Most of the main royal buildings in the middle court were built during the tenure of Surasinghanat. The Siwamokkhaphiman Hall, originally built of wood as an open-air pavilion, served as the first throne room. It was followed by the main residence building, a group of eleven connected halls known as the Phra Wiman, built around 1789. The Phutthaisawan Hall was probably built around 1795, when Surasinghanat led a campaign defending Chiang Mai against Burma and brought from the former the Phra Phuttha Sihing Buddha image, which was then enshrined in the hall.[1]

Surasinghanat ruled the palace until his death in 1803. It is said that prior to his death, he had his retinue take him on a tour of the palace, and, lamenting that he would not live to enjoy the architecture, cursed anyone but his descendants to be unable to live there in peace. Word of the curse appeared to have been taken seriously, as when Rama I named his son Prince Itsarasunthon (later King Rama II) the new viceroy in 1806, he did not have him take up residence at the Front Palace. Instead, the Prince continued to reside at the Thonburi Palace, leaving the Front Palace without an occupant for seven years.[3] Rama I had the Phra Phuttha Sihing moved to the Grand Palace during this time.[1]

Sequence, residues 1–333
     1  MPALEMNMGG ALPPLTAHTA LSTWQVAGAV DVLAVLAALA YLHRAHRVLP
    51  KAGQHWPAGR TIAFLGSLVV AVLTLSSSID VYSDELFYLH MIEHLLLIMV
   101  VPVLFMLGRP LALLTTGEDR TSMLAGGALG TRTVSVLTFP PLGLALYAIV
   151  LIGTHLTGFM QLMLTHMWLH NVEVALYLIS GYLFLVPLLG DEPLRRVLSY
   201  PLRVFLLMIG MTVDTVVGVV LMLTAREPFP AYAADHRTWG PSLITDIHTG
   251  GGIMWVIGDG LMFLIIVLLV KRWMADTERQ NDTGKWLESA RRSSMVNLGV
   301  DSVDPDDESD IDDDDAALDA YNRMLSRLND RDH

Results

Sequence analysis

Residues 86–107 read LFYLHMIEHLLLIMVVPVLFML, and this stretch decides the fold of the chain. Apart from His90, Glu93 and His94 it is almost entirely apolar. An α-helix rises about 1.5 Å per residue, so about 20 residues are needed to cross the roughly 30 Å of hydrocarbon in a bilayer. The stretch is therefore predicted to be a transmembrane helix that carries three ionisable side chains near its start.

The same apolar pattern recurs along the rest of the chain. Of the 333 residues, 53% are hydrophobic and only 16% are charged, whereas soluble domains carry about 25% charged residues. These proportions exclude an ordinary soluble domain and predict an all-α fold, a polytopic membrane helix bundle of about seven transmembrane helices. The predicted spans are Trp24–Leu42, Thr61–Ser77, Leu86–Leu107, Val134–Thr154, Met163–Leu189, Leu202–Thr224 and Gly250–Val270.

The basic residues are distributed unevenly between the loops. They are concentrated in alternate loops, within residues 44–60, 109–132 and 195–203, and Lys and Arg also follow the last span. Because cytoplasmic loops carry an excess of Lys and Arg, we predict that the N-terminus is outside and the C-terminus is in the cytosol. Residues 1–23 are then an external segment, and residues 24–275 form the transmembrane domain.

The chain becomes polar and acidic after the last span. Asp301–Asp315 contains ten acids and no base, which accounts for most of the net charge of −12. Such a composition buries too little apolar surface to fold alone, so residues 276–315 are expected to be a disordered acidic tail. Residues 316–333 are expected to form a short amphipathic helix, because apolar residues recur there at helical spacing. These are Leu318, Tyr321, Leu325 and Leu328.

Later occupants of the palace also actively attempted to avoid the curse. When Rama II became king in 1809, the new viceroy, Senanurak, married one of Surasinghanat's daughters in the belief that by becoming a son-in-law, he would be spared from the curse.[3] (He held the position until his death in 1817, after which the palace went unoccupied for another seven years.) Likewise, Sakdiphonlasep, the next viceroy named by King Rama III in 1824, married another daughter of Surasinghanat.[3] Sakdiphonlasep also commissioned major repairs of the palace. He had the Siwamokkhaphiman Hall rebuilt in masonry and added a new extension, known as the Itsarawinitchai Hall, in front of the Phra Wiman group to serve as the new throne room. He also rebuilt the royal temple and gave it the name Bowon Sathan Sutthawat.[1] Like his predecessor, Sakdiphonlasep predeceased the king after eight years, and Rama III never named another viceroy in the remaining nineteen years of his reign.[3]